The Colorado Department of Transportation and National Weather Service have both warned that a cold front moving through Southwest Colorado could bring freezing temperatures and snow squalls – short bursts of intense snow and strong winds that produce whiteout conditions – that could make travel challenging over mountain passes. Parts of the San Juan Mountains could receive up to 15 inches of snow, according to Ben Moyer, a meteorologist with the National Weather Service. (Courtesy of National Weather Service Grand Junction)

For the San Juan Mountains, “we’re showing snowpacks anywhere between 80% of normal to 120% of normal, so not bad,” Moyer said. “They’re kind of close to normal, so that’s good news. But we would like them to be way above normal to make up for the dry years we’ve had recently.”

Parts of Southwest Colorado received 1 to 1½ inches of water content from the snow last weekend, but figures that show snowpack as a percentage of normal have to be taken with a grain of salt, Wolff said.

2022 is the first year that agencies such as the National Oceanic and Atmospheric Administration and the U.S. Department of Agriculture’s Natural Resources Conservation Service are using new averages to compare snowpack. Every decade the agencies calculate new 30-year averages to account for changes in the climate and weather.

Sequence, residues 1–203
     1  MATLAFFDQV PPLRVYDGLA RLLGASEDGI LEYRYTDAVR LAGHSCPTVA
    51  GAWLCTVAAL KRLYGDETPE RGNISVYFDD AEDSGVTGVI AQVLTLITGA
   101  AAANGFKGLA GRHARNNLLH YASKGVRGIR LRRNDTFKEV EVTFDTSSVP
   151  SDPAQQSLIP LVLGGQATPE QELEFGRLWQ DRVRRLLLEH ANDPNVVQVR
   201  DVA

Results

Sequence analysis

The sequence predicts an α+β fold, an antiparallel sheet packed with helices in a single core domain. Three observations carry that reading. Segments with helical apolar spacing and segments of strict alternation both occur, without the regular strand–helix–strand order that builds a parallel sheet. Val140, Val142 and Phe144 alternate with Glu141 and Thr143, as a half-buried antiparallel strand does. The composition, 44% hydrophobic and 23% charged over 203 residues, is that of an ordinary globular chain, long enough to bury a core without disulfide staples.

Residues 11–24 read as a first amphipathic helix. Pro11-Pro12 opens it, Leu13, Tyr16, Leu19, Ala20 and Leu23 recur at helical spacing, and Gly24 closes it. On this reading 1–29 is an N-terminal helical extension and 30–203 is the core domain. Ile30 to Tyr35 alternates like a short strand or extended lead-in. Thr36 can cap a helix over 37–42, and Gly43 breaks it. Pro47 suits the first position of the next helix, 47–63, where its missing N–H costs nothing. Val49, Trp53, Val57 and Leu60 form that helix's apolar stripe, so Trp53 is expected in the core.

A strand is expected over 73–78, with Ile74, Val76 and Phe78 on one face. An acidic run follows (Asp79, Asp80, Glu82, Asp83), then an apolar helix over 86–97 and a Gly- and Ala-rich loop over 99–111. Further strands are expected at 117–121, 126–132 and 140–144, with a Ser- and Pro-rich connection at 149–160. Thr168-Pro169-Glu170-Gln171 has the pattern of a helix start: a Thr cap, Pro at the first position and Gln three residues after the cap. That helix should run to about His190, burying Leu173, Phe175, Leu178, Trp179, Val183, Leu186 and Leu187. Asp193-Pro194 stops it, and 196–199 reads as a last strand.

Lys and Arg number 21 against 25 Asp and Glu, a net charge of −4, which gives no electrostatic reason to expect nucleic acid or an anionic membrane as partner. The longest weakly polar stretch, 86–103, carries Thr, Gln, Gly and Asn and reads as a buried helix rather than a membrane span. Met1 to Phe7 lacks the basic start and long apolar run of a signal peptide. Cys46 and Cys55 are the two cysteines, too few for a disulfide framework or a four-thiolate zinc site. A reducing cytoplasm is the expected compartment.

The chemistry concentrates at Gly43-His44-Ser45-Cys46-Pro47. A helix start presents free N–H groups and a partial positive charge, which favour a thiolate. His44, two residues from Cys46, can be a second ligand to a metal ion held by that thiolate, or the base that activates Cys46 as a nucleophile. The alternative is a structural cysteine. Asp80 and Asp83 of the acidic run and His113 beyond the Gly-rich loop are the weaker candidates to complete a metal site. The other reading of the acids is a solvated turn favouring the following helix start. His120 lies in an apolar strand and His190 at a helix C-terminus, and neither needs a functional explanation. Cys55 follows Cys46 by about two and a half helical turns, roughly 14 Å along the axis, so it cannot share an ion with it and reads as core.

But with climate change reducing snowpack in Colorado, according to the U.S. Environmental Protection Agency, and the new averages taking that downward trend into account, any percentage of normal for snowpack this year is relative.

“Our index just changed, so 100% (snowpack) this year would have been something lower last year (like) 90% or 80%,” Wolff said.

A snowpack graph Tuesday for the San Miguel, Dolores, Animas and San Juan river basins from the U.S. Department of Agriculture’s Natural Resources Conservation Service. After recent storms, snowpack for the basins is at 101%. But according to Steve Wolff, general manager for the Southwestern Water Conservation District, “100% snowpack does not mean we’re gonna see 100% runoff.” (Courtesy of U.S. Department of Agriculture/Natural Resources Conservation Service)

While the recent snow has been a boon for Southwest Colorado’s water resources, other metrics point to some cause for concern.

NOAA’s Colorado Basin River Forecast Center shows below-average water supply forecasts across Southwest Colorado. Those forecasts employ the agency’s new averages which already account for less water.

Current projections show the Animas River tracking at 82% of average, the Dolores River at 73% of average and the Piedra River at 66% of average as of Tuesday.

“The other thing to keep in mind (is) if you look at the runoff forecasts, which are getting to be fairly good quality at this time of year, they’re still showing 65 to 70% runoff because the soil is still dry,” Wolff said. “We still have to fill up some of that sponge yet.”

As Southwest Colorado prepares for another storm, he warned that the next round of snow will not solve the water challenges the region is forecast to face this summer.

“We’ll take everything we can get,” he said. “But 100% snowpack does not mean we’re gonna see 100% runoff. We did get some snow and we’ve got more coming in. Just hope for more.”

ahannon@durangoherald.com